The extra-long weekend (for Peru's Independence Day celebrations) couldn’t have come at a better time for me as my visa was about to expire and I needed to leave the country and come back in to get a new visa. The easiest way to do that from Cusco was to head to Copacabana in
Bolivia via Puno and Lake Titicaca.
I’d always wanted to see Lake Titicaca anyway, so I planned an itinerary to enjoy the lake from the Peruvian side and the Bolivian side – 60% of the lake belongs to
Peru and 40% to . Our first day was the journey to Puno and rather than travel there on the overnight bus as so many border runners do, I thought it would be much nicer to see the countryside during the day. So, Kiri, a volunteer from Bolivia Australia and my travelling companion for the long weekend, and I departed Cusco aboard the Inka Express to Puno at 7.30am on Thursday 28 July.
It was a 10-hour bus trip from
Cusco to Puno, broken up by 5 stops along the way. The first was at the small town of , where we visited a wonderful colonial church built by the Jesuits. Inside were beautiful frescoes and paintings dating back to the sixteenth and seventeenth centuries. We weren’t allowed to take photos inside but I got a shot of the external frescoes, currently being restored. Next to the church was a small museum, housing mummies and skulls excavated from an Incan site near the village. The skulls showed the intentional cranial deformation practised by the Incas. By enlarging the frontal, occipital and parietal bones, they forced the growth of the Roland Fissure, the primary centre of creativity in the brain, and in other skulls they enlarged just the parietal lobe, which controls the brain’s motor functions. Weird, but true! Andahuaylillas
Our second stop was at Raqchi, an archaeological site that includes the Wiracocha temple, Inca terraces, baths, and aqueducts. This wasn’t the usual Inca construction of massive fitted stones – here the stonework foundations were topped with an enormous two-storey roofed structure made of adobe. The temple measures 92 metres (302 ft) by 25.5 metres (84 ft), with the central wall reaching between 18 and 20 metres in height. To the north of the temple are living quarters for priests and local administrators, to the east are about 100 round storehouses for the grains used in Inca ceremonies, and to the west is a section of the 11,000-kilometre-long Inca Trail. We didn’t have long to explore but it was certainly a remarkable site.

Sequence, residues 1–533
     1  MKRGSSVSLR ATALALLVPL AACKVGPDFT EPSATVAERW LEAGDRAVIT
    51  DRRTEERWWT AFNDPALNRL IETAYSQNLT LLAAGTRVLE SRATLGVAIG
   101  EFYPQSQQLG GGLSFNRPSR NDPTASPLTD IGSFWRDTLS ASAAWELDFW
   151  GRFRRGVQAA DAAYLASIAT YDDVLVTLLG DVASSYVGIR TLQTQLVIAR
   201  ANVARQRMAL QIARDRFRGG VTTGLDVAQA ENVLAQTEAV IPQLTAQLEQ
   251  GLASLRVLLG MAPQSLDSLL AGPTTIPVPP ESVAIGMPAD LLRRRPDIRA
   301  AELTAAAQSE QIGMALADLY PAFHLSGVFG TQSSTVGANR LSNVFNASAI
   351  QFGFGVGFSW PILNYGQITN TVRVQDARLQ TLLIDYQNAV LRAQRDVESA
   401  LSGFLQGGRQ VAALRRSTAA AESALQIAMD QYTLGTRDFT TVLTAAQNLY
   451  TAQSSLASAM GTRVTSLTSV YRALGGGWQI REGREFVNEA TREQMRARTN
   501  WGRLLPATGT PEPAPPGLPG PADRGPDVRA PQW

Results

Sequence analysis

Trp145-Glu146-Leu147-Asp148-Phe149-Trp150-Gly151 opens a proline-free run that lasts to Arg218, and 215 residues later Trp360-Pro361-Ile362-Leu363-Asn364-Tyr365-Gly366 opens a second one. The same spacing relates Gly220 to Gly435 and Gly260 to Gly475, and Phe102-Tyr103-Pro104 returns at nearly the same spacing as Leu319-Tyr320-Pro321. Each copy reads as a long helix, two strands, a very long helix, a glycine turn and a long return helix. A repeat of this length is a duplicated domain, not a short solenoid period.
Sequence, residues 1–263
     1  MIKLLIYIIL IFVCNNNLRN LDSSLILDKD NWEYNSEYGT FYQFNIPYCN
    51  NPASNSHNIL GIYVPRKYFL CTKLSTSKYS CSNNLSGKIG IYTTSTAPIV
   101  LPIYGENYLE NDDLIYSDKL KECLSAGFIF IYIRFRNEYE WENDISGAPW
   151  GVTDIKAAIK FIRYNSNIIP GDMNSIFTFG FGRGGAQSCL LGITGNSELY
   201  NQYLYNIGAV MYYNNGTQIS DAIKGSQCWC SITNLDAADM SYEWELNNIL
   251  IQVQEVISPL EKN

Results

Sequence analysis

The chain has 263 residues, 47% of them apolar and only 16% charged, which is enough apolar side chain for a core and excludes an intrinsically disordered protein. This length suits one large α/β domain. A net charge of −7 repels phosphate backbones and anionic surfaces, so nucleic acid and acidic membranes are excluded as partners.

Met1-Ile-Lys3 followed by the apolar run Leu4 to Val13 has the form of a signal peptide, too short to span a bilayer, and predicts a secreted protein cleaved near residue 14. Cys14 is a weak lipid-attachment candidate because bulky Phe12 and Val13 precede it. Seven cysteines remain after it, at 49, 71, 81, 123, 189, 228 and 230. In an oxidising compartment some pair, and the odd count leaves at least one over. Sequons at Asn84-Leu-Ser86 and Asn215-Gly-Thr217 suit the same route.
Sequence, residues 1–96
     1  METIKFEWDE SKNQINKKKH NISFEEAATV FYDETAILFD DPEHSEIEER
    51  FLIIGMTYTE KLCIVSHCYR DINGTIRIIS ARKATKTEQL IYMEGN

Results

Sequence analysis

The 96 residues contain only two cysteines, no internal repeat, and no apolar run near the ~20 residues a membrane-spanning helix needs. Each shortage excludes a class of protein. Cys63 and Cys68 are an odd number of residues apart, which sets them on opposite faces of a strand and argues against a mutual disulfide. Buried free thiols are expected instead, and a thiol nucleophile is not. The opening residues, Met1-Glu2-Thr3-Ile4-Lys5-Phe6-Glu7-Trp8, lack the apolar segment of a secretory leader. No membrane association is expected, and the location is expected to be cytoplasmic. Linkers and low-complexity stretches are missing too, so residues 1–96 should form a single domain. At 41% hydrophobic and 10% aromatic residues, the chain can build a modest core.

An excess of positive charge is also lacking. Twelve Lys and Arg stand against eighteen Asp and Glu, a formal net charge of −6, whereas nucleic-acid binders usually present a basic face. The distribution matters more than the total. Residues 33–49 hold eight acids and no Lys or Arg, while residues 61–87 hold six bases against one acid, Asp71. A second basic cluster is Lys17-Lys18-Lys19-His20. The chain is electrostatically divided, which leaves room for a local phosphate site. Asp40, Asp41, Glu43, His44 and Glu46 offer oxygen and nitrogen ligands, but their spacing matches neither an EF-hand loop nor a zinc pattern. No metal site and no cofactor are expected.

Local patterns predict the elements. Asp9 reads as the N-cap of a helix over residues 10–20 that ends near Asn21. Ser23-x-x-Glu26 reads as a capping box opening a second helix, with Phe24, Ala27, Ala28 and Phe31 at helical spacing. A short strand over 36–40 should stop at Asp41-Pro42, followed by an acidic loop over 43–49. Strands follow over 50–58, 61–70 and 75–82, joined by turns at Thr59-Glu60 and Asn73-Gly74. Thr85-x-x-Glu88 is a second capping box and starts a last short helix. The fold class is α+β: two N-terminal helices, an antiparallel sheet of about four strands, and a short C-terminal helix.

The third stop of the day was for lunch, at the small town of
. We didn’t see anything of the town but the buffet lunch was generous and delicious. We both went back for seconds. Sightseeing is hungry work, y’know! Sicuani
From Sicuani the route climbed steadily upwards until we reached our fourth stop, at La Raya, the highest place in the world I’ve ever been. It’s 4335 metres (14,222 ft) above sea level and set amidst the beautiful snow-covered mountains that surround the highland plateau. Of course, wherever the bus stopped, there were souvenir sellers – and this place was no exception. To mark this ‘high’ occasion I bought a beautiful, warm, multi-coloured alpaca and llama wool scarf, which was to prove most useful in the cold temperatures of Puno. Kiri and I also paid the small fee to have our photos taken with a lovely local girl and her llama. We had seen llamas grazing in the fields nearby so it seemed appropriate.
Our last stop before reaching Puno was at Pukara, another site of archaeological interest. Pukara was the first great civilization of the Andean Plateau of
Lake Titicaca area and the base of a large pyramidal structure is located nearby, though we didn’t get to visit it. Pukara is also where most of the ceramic bulls that adorn the rooves of houses in the Cusco region are made (for more on that, see my previous blog). We stopped briefly at a small local museum, with some impressive Inca stone carvings, and some very vocal geese in the yard of the beautiful church across the road. They proved to be an amusing interlude in a long day.
We were late arriving in Puno due to a half-hour stop for roadworks but our travel company rep was waiting to transfer us to our hotel, the Colon Inn – I kid you not! I presume
in this instance means colonial – we were hoping it wasn't a portent of intestinal problems to come! Colon